Author to speak at library
AKRON: Sam Quinones, the author of Dreamland: The True Tale of America’s Opiate Epidemic, will speak at 7 p.m. April 12 at the Akron-Summit County Public Library, 60 S. Main St.
The library invites the public to read the book between March 29 and April 11.
The book can be checked out at the library.
The library will also host an online discussion leading up to Quinones’ presentation at https://www.goodreads.com/group/show/212889-summit-county-reads-dreamland.
Dreamland, released in 2015, was named best book of the year by The Guardian, L.A. Times, Amazon.com and more.
The library will announce additional community meetings to be held that day.
For more information, contact the business and government division of the Akron-Summit County Public Library at 330-643-9020.
State of the City address
BARBERTON: Mayor Bill Judge will give his State of the City address 6 p.m. April 20 at the Active Adult Center in the Lake Anna YMCA building, 500 W. Hopocan Ave.
The mayor will provide a recap of 2016 and discuss upcoming projects and goals for 2017.
Coffee with a Cop
WADSWORTH: City police will host a “Coffee with a Cop” event from 9 to 10:30 a.m. Saturday at the Hilliard-Rospert Event Center, 133 W. Boyer St.
Chief Randall Reinke and officers will attend to answer questions and talk about safety in the community.
Few firefighters are female
CLEVELAND: The Cleveland Fire Department hasn’t hired a female recruit in more than 25 years, leading many to question why such a gender gap exists in the city.
WKYC-TV reported there are more than 750 firefighters employed by the department. But just four of them are women, and they are all expected to retire within the next few years.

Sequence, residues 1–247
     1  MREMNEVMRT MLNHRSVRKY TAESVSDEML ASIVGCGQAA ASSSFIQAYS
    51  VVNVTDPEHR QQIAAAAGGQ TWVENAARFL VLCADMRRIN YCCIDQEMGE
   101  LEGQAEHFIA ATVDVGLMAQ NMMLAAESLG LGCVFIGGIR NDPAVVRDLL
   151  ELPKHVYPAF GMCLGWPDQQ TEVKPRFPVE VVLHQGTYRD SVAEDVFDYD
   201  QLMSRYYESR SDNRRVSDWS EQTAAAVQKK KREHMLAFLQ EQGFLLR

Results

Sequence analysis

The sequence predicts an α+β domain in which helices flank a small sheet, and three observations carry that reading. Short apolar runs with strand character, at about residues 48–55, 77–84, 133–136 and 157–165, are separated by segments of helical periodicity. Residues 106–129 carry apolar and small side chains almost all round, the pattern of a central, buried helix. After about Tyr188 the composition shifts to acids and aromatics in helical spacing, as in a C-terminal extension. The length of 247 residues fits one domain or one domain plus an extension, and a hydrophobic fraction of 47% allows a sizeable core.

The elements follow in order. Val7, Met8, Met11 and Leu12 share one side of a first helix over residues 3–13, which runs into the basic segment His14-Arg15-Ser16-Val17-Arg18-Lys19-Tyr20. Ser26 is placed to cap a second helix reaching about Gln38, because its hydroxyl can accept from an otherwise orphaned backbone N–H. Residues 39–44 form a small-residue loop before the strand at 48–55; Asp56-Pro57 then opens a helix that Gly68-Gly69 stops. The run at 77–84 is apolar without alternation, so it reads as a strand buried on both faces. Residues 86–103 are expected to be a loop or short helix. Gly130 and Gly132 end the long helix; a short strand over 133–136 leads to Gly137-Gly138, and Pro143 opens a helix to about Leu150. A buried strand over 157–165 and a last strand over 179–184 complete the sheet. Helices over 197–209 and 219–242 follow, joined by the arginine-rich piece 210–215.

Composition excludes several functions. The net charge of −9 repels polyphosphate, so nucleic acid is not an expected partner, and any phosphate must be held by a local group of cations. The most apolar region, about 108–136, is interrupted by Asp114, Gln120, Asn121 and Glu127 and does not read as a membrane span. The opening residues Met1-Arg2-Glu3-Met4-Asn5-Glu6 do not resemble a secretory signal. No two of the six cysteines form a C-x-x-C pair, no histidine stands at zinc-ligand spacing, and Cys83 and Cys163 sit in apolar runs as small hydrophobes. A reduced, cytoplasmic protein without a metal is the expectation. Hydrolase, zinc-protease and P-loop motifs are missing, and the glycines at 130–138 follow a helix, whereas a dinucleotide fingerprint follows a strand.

Fire Chief Angelo Calvillo said he’s noticed the gender gap after working with female chiefs across the nation.
The Cleveland Division of Fire said they are not opposed to considering different forms of testing procedures in an attempt to help close the gender gap.
WKYC reported that the Akron Fire Department has 362 firefighters and 12 of them are women.
Prize aims at cutting algae
MARYSVILLE: A lawn and garden company will be the presenting sponsor of a $10 million prize that will be awarded to the team that finds the best way to remove an algae-feeding nutrient from water.
Phosphorus discharge feeds toxic algae.
The Everglades Foundation’s George Barley Water Prize seeks ways to remove phosphorus from fresh water using technology. It must work in warm and cold environments and on large and small scales.
The winner will be named by 2020 and receive $10 million to commercialize the idea.
The Columbus Dispatch reported that Marysville-based Scotts Miracle-Gro will sponsor the prize. The company has also donated more than $1 million through its foundation to the Everglades Foundation.
Scotts has removed phosphorus from its lawn fertilizers.
Ohio’s barns to be honored
COLUMBUS: The Ohio House has unanimously passed a bill designating the barn as the official historical architectural structure of Ohio.
Republican Rep. Anne Gonzales of suburban Columbus says a school group brought the idea to her. Students from the Westerville schools’ gifted education program wanted to emphasize the importance of preserving Ohio’s many historic barns.